Second Fiddle


Fill The Void is an interesting film set in a Hasidic community.  It opens with eighteen-year-old Shira anxiously following her mother in the hopes of catching a glimpse of the matchmaker’s candidate for her future husband.  Early on a certain curiosity mixed with passivity on Shira’s part is established concerning choices for potential spouses.  However, the first meeting to gauge whether the pair is compatible doesn’t come to fruition as Shira’s sister passes away during her ninth month of pregnancy while the baby is spared.

After Shira’s mother learns of preliminary arrangements to match Yochay, Shira’s brother-in-law, with a Belgian woman from his childhood, panacea sets in out of fear of losing her newborn grandson.  Shira’s mother hatches a plan to intervene by offering Shira as a match instead.  Yochay bristles at the very thought of it on account of her youth, but he softens his objections provided Shira is comfortable with the arrangement. Horrified by the proposal, out of guilt Shira acquiesces to her mother’s wishes as a way to avoid adding to her mother’s sorrow.

During the ritual meeting that serves as courtship, Yochay attempts to break the ice and reveals some of his feelings for Shira. Through her questions, it becomes clear that what’s weighing on Shira is losing her innocence to someone older where she’d be sacrificing that first experience in marriage with a partner who is equally unfamiliar and thus an opportunity to share something special together.

Humiliated by the meeting, it becomes increasingly awkward for Yochay to be around Shira, while Shira’s mother seeks to salvage the situation.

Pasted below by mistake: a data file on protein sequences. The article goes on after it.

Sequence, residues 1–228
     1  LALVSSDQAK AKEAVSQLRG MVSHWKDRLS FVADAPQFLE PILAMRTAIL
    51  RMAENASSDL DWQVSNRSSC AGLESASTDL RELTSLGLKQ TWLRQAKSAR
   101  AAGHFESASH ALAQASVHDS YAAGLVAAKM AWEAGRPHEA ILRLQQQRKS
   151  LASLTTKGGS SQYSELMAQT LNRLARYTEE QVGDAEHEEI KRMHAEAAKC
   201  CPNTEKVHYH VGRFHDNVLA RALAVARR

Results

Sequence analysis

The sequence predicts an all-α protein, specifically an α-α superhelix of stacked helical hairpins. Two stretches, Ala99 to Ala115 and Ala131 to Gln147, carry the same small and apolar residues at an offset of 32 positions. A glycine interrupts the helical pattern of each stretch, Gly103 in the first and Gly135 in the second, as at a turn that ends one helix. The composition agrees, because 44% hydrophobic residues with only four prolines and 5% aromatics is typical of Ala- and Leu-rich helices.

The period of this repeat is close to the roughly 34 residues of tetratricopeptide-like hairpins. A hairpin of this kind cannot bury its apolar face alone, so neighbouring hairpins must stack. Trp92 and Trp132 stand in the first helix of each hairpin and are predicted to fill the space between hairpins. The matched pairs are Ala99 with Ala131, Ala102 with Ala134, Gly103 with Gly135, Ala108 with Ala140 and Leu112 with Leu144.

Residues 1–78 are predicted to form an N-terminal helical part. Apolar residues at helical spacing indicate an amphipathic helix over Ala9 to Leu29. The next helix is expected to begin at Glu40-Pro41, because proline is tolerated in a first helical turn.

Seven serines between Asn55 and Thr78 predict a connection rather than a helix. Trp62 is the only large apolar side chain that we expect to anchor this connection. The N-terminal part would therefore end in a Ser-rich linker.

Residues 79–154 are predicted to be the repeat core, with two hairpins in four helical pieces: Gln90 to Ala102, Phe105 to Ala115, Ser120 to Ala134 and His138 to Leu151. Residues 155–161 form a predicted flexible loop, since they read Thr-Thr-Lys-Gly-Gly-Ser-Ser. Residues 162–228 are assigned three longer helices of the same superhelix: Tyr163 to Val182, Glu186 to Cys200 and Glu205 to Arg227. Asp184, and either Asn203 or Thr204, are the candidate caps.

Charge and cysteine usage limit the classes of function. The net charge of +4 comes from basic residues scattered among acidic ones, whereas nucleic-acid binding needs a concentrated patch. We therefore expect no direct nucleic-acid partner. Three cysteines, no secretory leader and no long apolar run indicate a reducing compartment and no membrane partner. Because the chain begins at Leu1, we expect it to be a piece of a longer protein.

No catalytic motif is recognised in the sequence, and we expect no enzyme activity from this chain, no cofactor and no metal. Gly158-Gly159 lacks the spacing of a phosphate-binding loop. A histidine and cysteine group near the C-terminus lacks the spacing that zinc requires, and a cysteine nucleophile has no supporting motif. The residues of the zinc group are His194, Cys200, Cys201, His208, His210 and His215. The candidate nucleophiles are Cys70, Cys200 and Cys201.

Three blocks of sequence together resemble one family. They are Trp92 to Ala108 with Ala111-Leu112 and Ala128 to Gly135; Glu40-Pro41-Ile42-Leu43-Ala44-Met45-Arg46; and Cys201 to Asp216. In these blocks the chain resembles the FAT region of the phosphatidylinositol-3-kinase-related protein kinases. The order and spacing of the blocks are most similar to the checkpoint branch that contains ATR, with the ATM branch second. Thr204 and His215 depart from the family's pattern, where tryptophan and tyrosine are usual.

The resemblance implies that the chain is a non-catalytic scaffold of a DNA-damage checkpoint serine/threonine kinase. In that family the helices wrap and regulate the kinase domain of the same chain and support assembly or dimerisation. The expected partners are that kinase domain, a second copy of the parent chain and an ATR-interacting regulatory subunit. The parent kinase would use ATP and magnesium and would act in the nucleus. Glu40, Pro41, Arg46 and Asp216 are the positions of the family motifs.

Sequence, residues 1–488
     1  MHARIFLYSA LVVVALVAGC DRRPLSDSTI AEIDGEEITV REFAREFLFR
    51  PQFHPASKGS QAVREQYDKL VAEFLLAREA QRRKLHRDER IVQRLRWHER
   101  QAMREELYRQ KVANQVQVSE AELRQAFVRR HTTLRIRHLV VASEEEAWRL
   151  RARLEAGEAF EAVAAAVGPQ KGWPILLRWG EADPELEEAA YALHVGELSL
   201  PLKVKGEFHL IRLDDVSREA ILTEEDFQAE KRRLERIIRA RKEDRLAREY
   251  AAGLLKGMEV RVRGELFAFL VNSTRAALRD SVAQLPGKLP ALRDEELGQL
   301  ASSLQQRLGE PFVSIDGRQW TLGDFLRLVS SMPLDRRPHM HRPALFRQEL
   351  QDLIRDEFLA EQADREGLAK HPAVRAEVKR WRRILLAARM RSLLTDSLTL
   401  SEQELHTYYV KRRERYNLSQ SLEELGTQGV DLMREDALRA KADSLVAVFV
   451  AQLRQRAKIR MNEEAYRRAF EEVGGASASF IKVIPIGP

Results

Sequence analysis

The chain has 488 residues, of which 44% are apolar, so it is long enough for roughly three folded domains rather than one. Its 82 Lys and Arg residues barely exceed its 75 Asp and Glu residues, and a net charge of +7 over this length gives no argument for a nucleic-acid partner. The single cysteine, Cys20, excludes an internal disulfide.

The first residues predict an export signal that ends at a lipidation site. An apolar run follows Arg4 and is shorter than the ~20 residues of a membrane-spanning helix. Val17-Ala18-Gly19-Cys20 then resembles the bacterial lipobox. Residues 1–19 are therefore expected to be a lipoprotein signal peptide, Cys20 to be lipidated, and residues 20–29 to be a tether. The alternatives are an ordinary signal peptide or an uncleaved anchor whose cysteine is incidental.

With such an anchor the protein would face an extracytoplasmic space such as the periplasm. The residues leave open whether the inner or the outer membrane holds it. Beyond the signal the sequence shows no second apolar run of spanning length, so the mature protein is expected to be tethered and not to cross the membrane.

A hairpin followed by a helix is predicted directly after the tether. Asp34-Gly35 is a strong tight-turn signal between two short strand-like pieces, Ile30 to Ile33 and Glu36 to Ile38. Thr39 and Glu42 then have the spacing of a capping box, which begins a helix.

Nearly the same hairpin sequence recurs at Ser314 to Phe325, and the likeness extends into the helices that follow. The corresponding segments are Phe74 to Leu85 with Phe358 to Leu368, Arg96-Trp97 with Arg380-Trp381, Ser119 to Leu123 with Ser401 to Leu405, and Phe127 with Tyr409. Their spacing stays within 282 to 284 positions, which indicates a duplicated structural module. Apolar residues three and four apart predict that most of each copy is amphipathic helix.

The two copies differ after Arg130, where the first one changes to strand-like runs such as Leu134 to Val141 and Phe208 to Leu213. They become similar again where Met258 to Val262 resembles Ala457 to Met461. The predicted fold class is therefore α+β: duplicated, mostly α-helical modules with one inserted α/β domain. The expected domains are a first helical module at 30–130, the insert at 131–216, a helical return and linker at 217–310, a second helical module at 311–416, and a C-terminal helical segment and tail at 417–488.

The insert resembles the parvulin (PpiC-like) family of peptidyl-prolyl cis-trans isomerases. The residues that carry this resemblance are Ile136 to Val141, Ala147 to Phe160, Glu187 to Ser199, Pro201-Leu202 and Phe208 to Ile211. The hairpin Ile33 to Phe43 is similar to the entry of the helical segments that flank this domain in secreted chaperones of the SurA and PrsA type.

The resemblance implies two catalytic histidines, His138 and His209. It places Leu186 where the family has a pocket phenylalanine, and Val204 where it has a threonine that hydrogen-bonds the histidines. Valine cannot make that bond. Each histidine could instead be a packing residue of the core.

From a visual perspective, the interior shots are tightly filled with people throughout the foreground and background, and the result is a feeling of intimacy that contributes to the story of portraying a close-knit community where marriage is arranged among elders around a table absent emotion that one normally associates from such a life-changing decision.

An area where Fill The Void fails to achieve its potential follows the meeting between Shira and Yochay midway through the film.  After Shira expresses her reservations and resignation, she doesn’t develop any further as a character. She endures her predicament, but there is nothing else that we learn about Shira, and that sense of unfulfillment seems unsatisfying.


About An Unturned Stone

I want to share my thoughts on some of the obscure and not-so-obscure books, films, and the general arts I've seen or read recently or has caught my attention.
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